By Jeremiah Bourgeois
Life has been far more stressful than I’d realized as I move towards the possibility of parole. After recently having what appear to be several psychosomatic seizures over a three-day period and then being pumped with anti-anxiety medication during an overnight stay in the prison infirmary—I feel great. Better than I can remember having felt in, well, as long as I can remember.
My face felt funny for days after I left the medical floor and I feared the worst. It just didn't feel right. I thought parts of it were numb or droopy. But whenever I rubbed it, sensation was there. And when I looked in the mirror nothing appeared out of the ordinary.
Finally I figured out what was amiss.
My face was less tense.
Apparently, tranquility is so foreign to me that I found it alarming.
As for those seizures, if my suspicions are correct I am in need of some serious therapy. I dare not speculate what it could mean if the cause is something else entirely.
Curiously, memories of things that I've written about in Minutes Before Six (such as my friend being raped following our arrival in the penitentiary, and the weeks during which guards starved me in segregation to satisfy their quest for vengeance) kept coming to me suddenly, and as I tried to stifle my emotional reactions to those long ago events the seizures would strike.
I quickly learned to let some of my emotions out to prevent being overwhelmed at such moments.
Adaptation at its finest. Survival of the fittest. Only the wise endure.
So, I'm now allowing myself to feel the emotions when necessary, painful as it is for me. Nonetheless, I seriously doubt that I'm processing the experiences in a manner that will enable me to put them behind me. Oh well, it's working for now and that's the best outcome I believe can be achieved under the circumstances.
I've spent some time reflecting and recognize that I had built an emotional wall in order to survive a Life Without Parole. My potential freedom is now producing cracks in the psychological barrier that, until recently, has served me so well. I cannot imagine what it will be like to be free and truly feel things.
All these emotions have been muted by a lifetime of confinement.
Anger is the only feeling that I have been able to fully express. Anger is the emotion that has shaped my destiny.
Without it I am nothing.
Without it where would I be?
To run away from home at the age of 13 and be able to survive alone on the streets took plenty of anger, believe me.
To endure after being sentenced to die in prison at the age of 14 took even more anger—trust me.
And no one will convince me that the commission of these crimes foreclosed my right to be angry.
While I was not angered by the punishment imposed by the court—for I was guilty and deserved to be punished—I have long been angered by what imprisonment has dealt me.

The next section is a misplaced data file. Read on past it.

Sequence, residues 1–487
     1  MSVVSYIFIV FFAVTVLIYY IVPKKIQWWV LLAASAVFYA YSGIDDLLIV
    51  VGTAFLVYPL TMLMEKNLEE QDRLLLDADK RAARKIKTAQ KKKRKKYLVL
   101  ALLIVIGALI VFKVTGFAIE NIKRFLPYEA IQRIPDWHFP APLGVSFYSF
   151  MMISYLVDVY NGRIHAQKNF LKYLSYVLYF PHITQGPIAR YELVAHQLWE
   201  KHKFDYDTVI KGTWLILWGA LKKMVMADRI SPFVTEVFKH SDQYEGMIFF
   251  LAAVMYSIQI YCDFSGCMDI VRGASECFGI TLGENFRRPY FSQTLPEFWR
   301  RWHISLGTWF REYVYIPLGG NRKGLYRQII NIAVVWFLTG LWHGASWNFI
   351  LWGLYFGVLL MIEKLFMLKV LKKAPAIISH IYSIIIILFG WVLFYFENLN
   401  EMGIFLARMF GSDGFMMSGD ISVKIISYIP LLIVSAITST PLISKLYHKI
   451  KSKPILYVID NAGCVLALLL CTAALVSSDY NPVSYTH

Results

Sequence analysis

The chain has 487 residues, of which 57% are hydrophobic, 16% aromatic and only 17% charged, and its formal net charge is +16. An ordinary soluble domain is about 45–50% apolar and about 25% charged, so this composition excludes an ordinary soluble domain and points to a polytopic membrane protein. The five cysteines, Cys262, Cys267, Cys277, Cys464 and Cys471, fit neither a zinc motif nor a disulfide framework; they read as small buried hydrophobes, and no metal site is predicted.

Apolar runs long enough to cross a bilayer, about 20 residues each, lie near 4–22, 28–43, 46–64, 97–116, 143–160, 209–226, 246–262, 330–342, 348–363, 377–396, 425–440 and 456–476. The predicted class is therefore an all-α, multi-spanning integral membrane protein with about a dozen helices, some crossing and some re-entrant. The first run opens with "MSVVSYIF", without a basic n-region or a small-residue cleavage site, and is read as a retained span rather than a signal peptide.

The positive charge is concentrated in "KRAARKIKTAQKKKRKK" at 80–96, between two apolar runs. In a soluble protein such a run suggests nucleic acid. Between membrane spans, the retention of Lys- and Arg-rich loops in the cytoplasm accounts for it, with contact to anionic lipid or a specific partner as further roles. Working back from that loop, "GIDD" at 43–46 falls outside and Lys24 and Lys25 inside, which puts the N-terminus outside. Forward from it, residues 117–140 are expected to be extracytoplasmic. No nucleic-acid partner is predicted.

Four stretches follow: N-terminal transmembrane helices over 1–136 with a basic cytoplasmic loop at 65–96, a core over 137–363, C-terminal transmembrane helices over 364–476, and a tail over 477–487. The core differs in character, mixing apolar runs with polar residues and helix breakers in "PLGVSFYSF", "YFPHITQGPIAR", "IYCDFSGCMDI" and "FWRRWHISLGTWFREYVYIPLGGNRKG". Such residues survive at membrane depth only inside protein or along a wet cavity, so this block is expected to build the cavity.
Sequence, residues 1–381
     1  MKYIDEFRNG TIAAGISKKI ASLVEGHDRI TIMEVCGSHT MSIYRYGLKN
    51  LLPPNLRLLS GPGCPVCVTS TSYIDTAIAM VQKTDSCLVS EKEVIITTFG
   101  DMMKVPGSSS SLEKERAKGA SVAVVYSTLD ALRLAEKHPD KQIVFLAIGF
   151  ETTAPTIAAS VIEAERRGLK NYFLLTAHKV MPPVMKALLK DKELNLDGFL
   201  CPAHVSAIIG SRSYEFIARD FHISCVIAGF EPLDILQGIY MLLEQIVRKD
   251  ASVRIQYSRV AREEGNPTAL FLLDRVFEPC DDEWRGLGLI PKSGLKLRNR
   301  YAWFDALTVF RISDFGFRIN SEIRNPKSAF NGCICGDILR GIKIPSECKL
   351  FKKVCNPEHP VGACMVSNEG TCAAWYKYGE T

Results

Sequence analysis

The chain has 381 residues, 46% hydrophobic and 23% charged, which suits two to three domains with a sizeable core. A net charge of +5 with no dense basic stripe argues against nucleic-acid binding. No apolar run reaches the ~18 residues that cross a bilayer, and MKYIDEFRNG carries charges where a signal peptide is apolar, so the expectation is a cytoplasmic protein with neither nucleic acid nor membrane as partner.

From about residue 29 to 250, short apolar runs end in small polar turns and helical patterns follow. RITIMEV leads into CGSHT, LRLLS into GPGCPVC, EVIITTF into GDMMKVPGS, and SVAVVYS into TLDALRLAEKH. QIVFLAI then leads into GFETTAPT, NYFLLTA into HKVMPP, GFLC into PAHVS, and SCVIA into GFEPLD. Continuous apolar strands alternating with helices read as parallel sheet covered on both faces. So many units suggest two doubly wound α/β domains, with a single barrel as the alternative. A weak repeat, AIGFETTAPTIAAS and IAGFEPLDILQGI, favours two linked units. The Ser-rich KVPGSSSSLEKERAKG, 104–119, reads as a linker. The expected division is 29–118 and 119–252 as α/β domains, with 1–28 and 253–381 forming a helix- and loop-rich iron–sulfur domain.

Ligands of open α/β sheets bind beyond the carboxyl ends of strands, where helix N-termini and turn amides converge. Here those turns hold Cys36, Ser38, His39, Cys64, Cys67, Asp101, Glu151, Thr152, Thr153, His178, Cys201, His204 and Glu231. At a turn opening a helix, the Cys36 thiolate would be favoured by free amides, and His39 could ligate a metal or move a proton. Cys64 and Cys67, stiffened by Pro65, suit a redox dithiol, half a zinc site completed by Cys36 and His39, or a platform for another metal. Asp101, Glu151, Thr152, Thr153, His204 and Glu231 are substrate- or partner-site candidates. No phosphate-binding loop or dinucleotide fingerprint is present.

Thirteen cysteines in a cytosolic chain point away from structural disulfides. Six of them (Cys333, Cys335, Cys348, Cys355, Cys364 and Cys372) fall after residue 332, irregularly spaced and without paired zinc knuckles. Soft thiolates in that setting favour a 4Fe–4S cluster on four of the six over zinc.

I was angered when stories were bandied about that I was gang raped when I arrived in the penitentiary.
I was angered when I heard how amused some people were when they heard those rumors about me being forced into sodomy.
I was angered by the looks of disdain and contempt on the faces of correctional officers when they saw my fifteen-year-old frame in the general population of the penitentiary.
I was angered when people would joke about my supposed virginity as if anything about my situation was funny.
I was angered when administrators would talk down to me—taking advantage of my ignorance and lack of education—and offering nothing to cure my deficiencies.
I was angered when I found how ready prisoners were to try to take advantage of me.
I was angered when I came to perceive the predatory nature of those who surrounded me.
I was angered when I saw terrible things inflicted upon those who were seen as prey because of their vulnerability.
So many reasons to be angry.
It is a powerful emotion.
It can drive you to destroy yourself or others. It led me to do terrible things.
It can also be a force that enables you to achieve what others believed was impossible—for someone like me.
Or anyone trapped in the penitentiary.
There is no doubt in my mind that most people expected me to be nothing but a convict, chasing booty or drugs or caught up in some other sort of prison fuckery.
I proved all those sons-a-bitches wrong. All because I was angry at what they believed would be my destiny.
No longer do administrators attempt to talk down to me. They know full well I am anything but ignorant or uneducated.
But there is still disdain and contempt in their eyes when they look upon me, for the correctional mindset all too often perceives a prisoner’s intellect as arrogance.
It makes me angry.
But this anger fuels me. It motivates me to continue living above the expectations that such people have for those in the penitentiary.
I wish every prisoner in America would become as angry as me.
That they would allow its combustible nature to propel their rehabilitation and forge a new destiny.
|Jeremiah Bourgeois #708897|
Stafford Creek Corrections Center
191 Constantine Way
Aberdeen WA 98520